Seasonal Produce for Added Variety

Are your parrots as thrilled as mine are? Pomegranates are back! My walls, floor, and ceiling are sure to suffer, but it’s well worth it to see those beaks gleefully buried in the fleshy red seeds.

Pepper eats pomegranateWe all know our feathered friends need a varied, nutritious diet, and there’s no easier way to accomplish this than by offering whole foods in season.   Pomegranates are a perfect example.  They’re extremely rich in antioxidants, and parrots seem to relish them whole or simply halved.  I think the unusual texture and slightly pungent taste pique parrots’ curiosity.

We’re also lucky to have an abundance of pumpkins and squashes available this time of year.  The seeds of both are rich in essential omega 3 fatty acids, and the flesh is an excellent source of beta carotene.  Mini pumpkins make wonderful enrichment food items.  Just place a whole one on the cage floor, and watch your parrots go wild!  Or, take out a small slice to encourage parrots to chew and explore with their beaks.  Skewer the whole thing, and garnish with some leafy greens.  Grate raw pumpkin and combine it with fruit to make a special crispy autumn ambrosia.  Roast the seeds separately for a delicious, nutritious treat.

Both pumpkin and squashes can be steamed or baked, but they’re often readily accepted in their most natural state:  raw and whole.  Like pomegranates, they’re only around for a limited time, so stock up now.  Your parrots will surely thank you!

5 thoughts on “Seasonal Produce for Added Variety

  1. It’s a great time to freeze some of these birds favorite treats. My Spunky likes his veggies better than fruits, although he goes for a variety of almost any kind of juice with his dry pellets a.m. and p.m. And he likes his veggies cooked over raw I’ve found, unless the veggie is very “delicate,” such as a chinese pea pod. Right now we have some frozen edame (soy I think) pods and he gets one or tow each evening after cooking for just 5-15 minutes. As you can imagine, his lower beak zips opens the pod and then he squeezes out the bean and shells that as well. Last night I had tea while he had pellets in the living room on his play stand. About 20 minutes later he started pacing back and forth, saying “hot?” “hot?” meaning where’s my squash and pods. We packed back in the kitchen and in 10 minutes had a plate of hot squash, pods and broccoli stems. Stems are a big fav in our house–he holds the broccoli flower and eats the stem – the very middle of it. Also mustard green stems are a big winner in our house, forget the leaves. About 5pm nightly it’s all about squash, stems and pods, either before or after pellets. Fine with me, I like them too.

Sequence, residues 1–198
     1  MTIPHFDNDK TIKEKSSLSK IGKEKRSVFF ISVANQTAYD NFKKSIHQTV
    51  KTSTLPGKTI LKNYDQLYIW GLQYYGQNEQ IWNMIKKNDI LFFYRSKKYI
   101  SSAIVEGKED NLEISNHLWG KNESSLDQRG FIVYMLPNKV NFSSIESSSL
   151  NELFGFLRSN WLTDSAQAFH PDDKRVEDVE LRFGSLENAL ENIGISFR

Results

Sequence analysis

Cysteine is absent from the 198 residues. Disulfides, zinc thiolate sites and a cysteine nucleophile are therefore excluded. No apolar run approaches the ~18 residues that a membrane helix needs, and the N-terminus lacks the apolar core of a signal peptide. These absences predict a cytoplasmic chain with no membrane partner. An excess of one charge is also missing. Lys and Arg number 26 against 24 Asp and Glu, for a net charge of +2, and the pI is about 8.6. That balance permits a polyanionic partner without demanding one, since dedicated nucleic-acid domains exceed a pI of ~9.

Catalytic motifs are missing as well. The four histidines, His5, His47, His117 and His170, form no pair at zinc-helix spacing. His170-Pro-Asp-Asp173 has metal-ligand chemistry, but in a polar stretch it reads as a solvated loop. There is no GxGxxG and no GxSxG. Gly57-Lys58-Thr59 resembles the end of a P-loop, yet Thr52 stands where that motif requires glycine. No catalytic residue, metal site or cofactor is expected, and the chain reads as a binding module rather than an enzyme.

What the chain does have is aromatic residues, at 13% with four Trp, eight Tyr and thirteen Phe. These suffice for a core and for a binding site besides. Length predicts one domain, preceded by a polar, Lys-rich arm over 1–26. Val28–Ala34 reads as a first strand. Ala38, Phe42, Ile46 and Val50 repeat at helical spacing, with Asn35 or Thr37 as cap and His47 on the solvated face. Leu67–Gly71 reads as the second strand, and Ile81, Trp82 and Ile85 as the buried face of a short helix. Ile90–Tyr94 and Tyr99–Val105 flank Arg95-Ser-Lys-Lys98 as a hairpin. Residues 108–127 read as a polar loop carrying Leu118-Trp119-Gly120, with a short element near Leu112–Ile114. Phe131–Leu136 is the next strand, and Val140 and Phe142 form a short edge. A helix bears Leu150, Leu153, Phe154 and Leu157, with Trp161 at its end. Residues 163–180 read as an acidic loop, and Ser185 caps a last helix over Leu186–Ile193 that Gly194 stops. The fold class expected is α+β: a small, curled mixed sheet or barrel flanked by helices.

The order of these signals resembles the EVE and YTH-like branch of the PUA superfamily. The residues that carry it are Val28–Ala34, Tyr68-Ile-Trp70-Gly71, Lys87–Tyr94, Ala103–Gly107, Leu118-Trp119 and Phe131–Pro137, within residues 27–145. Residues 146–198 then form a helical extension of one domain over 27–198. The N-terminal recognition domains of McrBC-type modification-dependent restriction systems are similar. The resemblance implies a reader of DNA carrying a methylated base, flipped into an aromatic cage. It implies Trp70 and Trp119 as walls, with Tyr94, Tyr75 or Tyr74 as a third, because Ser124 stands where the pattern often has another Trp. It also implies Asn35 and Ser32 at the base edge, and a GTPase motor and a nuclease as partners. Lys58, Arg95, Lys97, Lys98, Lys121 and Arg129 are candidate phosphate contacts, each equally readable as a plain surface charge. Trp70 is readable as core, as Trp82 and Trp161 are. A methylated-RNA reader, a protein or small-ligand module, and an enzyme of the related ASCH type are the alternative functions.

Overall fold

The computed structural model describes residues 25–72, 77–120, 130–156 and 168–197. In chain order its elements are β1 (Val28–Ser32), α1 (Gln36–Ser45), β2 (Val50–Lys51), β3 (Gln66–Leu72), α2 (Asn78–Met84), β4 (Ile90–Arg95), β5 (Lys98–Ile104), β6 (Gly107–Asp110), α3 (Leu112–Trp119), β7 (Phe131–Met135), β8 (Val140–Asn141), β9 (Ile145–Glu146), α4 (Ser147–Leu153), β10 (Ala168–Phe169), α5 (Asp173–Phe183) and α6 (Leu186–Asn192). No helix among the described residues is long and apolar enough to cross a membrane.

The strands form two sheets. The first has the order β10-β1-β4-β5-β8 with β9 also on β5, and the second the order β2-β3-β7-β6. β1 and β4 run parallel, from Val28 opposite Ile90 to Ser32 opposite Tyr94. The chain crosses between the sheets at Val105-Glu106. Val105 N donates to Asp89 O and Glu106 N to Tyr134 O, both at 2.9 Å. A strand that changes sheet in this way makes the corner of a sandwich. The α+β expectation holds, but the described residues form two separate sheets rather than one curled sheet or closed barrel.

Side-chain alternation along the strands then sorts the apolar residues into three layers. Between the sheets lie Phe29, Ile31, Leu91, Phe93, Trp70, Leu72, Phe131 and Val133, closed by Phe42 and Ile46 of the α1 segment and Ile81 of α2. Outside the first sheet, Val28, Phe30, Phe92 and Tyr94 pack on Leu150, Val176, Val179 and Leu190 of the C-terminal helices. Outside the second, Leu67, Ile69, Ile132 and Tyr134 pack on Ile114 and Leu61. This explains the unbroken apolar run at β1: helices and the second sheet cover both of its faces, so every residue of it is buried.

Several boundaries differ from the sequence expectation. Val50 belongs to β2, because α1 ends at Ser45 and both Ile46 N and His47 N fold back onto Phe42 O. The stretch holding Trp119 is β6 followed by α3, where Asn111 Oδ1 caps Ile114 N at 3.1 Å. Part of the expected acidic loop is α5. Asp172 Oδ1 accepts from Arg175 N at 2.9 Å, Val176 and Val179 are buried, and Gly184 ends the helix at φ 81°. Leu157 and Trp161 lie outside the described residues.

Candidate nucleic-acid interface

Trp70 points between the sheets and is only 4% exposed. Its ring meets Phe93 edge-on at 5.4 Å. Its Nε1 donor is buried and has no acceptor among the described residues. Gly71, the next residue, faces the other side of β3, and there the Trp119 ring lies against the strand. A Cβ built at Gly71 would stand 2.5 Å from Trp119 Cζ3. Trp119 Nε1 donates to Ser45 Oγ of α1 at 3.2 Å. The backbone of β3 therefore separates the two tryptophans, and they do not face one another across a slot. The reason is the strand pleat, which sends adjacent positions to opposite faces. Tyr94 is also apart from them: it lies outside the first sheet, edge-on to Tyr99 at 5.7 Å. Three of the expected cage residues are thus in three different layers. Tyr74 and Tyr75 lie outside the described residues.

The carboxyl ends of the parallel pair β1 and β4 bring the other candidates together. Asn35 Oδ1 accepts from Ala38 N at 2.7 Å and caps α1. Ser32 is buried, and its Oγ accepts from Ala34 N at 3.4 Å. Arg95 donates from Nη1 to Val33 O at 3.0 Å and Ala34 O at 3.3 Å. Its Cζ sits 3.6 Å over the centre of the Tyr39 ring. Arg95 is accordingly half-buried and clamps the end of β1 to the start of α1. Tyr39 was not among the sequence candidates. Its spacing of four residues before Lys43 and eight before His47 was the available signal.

2. As Phoebe Linden has talked about, I do a mixed fruit/vegetable ‘chop’ every few days, making a bucket of raw produce to scoop out of each morning along…they get their veggie/sprout bowl and their dry food bowl first thing. I subscribe to a local CSA farm…community supported agriculture. These farms sell shares that you pick up weekly, usually seasonal, local, organically grown produce. By purchasing a share for several months, I am supporting this local farm with my ‘produce subscription’. AND it’s great stuff! They often grow heirloom varieties of fruits and vegetables you rarely see in stores…this week there was a football-shaped yellow melon, a pale green skinned Armenian cucumber, 6 Anaheim peppers, a small basket of fresh okra (which my little lorikeet LOVES, as well as my other birds…my Goldie’s is a big fan of raw yams as well), amaranth greens, swiss chard, a bag of mixed salad greens, and a big heirloom winter squash. What you get usually varies a bit week to week. For my subscription, though I pay for it all at once every three months, weekly it would be about $20. Plus when I go to pick up the produce, often other farmers are offering CSA members things like grassfed meats, homemade sauerkrauts, homemade Mexican carmels, free range eggs and goat milk products. Being a CSA subscriber and visiting local farmers markets for organic produce keeps my birds and myself well stocked in lots of unusual and healthy fresh foods, plus it supports local sustainable agriculture. To find CSA’s in your area, one website is


  3. I take the seeds out of pomegranates and fast freeze them in ice cube trays – buying bunches so my eclectus and timneh can enjoy them year-round. Thanks for the many other tips.


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